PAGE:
This will probably only matter to folks who are fascinated by the visual effects of aging, but whatever.
Back in the late `60s and into the early `70s, my grandparents owned a house out on the East End of Long Island on a leafy byway called Bayfield Lane. From the years of my infancy through to about age 4, or so, my mother, my sister and I spent our summers in the house. Most of my memories of the place are faint and fleeting, largely informed by old photographs, but I do still have some fairly vivid impressions of the place. Its front was ringed with a stately porch, it had what seemed like an endless, green lawn out in front, a small studio behind wherein my grandmother used to paint, and then a big, wooden barn in the very back. That’s myself with my mother and my sister standing in front of the studio. I’m the little twerp in the black sweater.
By the time I was about 4, I suppose, my grandparents ended up selling the place and relocating to a smaller home two towns over. For years and years, the big house at Bayfield Lane lived only in my memory and in the few photos we had of it. At some point during my teens in the early 80s — and I only remember this as it involved my purchase of Iron Maiden’s Piece of Mind album, which came out in May of 1983 — I pedaled my bike from Sam’s Record Shack on Main Street to where I thought the old Bayfield Lane house was. By this point, now obscured by a big hedge, I couldn’t really get a proper visual on the place, but I could see the top of the old barn in the back. That’s as close as I thought I’d ever come to seeing it again.
Thirty-five (!!!) years later, my mother befriended a British author in Florida, and invited her to do a reading at the local library, also out on the East End. I’m not quite sure how it came up, but during the course of that discussion, it was gleaned that this author now lives in the big Bayfield Lane house that we’d “summered” in with my grandparents all those decades ago. Mom asked if we could possibly come by and have a look at the place, and she very gamely said yes. So that’s what we did.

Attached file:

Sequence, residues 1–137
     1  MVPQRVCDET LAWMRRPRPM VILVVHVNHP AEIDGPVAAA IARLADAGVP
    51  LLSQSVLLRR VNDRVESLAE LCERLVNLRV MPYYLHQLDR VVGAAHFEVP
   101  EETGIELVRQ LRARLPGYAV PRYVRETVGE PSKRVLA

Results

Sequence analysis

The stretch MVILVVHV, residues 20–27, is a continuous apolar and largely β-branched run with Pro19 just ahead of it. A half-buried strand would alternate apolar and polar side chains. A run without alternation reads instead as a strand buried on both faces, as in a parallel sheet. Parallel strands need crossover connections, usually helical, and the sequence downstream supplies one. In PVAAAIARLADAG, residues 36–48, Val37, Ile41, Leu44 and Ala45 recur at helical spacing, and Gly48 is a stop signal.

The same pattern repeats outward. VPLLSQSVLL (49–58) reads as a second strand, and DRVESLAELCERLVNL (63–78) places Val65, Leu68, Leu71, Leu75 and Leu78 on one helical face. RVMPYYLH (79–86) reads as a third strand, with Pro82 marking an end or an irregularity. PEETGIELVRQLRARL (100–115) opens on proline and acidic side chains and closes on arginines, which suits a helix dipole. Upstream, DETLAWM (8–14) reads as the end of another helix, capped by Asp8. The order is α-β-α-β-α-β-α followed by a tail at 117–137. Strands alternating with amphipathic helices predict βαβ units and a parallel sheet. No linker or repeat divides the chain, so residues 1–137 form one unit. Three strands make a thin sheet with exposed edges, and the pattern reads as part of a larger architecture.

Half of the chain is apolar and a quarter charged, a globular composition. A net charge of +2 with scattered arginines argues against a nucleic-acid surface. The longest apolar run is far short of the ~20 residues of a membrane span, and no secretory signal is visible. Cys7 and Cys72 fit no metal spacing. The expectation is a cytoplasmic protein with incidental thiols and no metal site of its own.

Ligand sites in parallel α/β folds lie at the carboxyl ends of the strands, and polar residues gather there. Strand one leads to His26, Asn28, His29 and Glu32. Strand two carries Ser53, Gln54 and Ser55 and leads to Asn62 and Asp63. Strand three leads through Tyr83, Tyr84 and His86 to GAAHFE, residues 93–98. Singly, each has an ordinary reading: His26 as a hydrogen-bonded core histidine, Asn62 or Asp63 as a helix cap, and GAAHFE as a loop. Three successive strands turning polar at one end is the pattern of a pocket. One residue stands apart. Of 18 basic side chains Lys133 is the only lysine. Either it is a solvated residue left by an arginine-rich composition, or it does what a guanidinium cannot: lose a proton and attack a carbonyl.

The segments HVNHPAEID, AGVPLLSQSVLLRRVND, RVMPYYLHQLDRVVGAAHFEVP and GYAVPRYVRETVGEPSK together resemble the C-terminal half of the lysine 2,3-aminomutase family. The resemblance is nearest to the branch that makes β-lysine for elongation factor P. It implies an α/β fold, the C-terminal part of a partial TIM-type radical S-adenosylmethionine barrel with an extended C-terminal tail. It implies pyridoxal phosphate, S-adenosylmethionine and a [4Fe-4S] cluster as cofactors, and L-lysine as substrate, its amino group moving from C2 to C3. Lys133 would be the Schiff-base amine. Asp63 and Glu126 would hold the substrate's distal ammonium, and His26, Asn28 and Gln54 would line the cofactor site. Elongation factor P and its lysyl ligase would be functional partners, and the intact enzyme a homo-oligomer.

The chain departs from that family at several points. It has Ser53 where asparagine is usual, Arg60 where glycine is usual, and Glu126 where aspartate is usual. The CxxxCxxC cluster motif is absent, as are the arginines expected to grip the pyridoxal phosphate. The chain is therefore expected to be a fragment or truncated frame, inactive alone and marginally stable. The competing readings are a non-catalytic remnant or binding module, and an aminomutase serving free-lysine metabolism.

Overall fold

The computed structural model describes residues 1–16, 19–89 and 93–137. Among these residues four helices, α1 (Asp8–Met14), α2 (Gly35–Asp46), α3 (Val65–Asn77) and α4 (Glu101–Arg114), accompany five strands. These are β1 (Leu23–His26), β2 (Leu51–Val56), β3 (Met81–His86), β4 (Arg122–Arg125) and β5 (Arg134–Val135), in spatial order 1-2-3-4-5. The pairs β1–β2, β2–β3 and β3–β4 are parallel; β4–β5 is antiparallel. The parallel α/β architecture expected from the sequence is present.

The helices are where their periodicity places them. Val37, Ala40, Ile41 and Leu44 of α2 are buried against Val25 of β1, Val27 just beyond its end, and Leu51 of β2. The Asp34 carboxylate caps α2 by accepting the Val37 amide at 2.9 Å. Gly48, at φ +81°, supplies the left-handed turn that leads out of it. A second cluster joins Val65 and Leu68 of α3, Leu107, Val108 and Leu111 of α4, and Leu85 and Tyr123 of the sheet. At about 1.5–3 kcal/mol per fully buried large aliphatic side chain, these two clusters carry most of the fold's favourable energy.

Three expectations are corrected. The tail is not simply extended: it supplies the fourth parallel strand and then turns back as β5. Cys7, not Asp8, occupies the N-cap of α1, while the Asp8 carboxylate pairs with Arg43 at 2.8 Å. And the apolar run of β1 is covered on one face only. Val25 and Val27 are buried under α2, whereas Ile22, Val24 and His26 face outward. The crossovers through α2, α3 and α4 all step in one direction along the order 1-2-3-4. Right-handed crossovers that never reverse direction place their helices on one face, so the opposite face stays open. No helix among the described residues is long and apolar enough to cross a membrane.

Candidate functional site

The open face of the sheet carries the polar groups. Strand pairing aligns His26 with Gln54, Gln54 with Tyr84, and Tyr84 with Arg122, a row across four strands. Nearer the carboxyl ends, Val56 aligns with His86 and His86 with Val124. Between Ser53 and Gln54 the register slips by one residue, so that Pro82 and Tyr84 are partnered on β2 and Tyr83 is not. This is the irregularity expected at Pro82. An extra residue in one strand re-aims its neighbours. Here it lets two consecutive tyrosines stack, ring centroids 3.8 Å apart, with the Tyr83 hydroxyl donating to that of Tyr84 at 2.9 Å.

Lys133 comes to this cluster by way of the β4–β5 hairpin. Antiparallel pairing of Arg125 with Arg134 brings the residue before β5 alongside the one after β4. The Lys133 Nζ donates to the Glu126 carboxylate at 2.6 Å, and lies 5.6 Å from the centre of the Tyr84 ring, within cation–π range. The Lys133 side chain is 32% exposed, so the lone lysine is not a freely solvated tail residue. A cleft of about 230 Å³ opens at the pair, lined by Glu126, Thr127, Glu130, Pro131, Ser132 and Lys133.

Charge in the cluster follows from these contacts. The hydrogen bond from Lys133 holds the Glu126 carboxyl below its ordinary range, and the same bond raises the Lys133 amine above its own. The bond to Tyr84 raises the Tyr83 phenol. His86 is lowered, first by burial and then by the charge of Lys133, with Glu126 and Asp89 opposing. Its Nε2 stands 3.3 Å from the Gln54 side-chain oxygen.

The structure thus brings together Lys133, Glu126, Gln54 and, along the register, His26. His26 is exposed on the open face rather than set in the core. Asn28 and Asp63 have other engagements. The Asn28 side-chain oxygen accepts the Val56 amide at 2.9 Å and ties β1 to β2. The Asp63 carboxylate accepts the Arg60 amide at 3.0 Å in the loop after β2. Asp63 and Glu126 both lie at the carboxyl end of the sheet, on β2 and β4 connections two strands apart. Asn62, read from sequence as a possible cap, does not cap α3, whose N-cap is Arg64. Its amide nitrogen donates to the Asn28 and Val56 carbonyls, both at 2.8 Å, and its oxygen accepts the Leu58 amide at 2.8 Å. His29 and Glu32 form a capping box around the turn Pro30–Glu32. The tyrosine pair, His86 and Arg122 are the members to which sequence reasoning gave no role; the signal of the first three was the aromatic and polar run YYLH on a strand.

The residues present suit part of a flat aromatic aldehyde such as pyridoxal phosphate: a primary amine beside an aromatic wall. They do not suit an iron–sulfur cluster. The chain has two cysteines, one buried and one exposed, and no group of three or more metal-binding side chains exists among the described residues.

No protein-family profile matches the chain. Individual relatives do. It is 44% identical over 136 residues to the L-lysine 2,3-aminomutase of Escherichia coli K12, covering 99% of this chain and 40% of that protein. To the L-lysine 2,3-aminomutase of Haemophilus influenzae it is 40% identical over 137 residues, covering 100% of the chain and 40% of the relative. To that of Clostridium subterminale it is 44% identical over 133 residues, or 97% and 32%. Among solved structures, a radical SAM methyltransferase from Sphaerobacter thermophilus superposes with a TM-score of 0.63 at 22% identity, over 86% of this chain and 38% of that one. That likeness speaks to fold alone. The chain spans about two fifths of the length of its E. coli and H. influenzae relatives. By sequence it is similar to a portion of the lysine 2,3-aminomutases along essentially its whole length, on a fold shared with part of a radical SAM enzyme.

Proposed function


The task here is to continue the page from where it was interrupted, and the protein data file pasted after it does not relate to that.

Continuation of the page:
As someone who spends a great amount of time here ruminating on the elusive “sense of place” and/or the intangible pangs of hiraeth, the opportunity to re-enter this particular space to re-experience it was a true gift. While there’d been a few cosmetic changes made to the surrounding environs (that’s what happens in the course of four decades), it largely looked more or less how I remembered it. While the author’s family had certainly spruced up various elements of the home, they didn’t radically alter the overall appearance (which sort of defies the current trend, out there). Apart from the tantalizing addition of a beautiful pool in the back (transforming the painting studio into a pool house), it was otherwise like stepping back in time.
My sister and I even tried to replicate an old photo. The wrought iron railings have since been replaced with wood beams.
Here’s me in front of the barn from that top photo.
Every now and then, maybe you can actually go home again.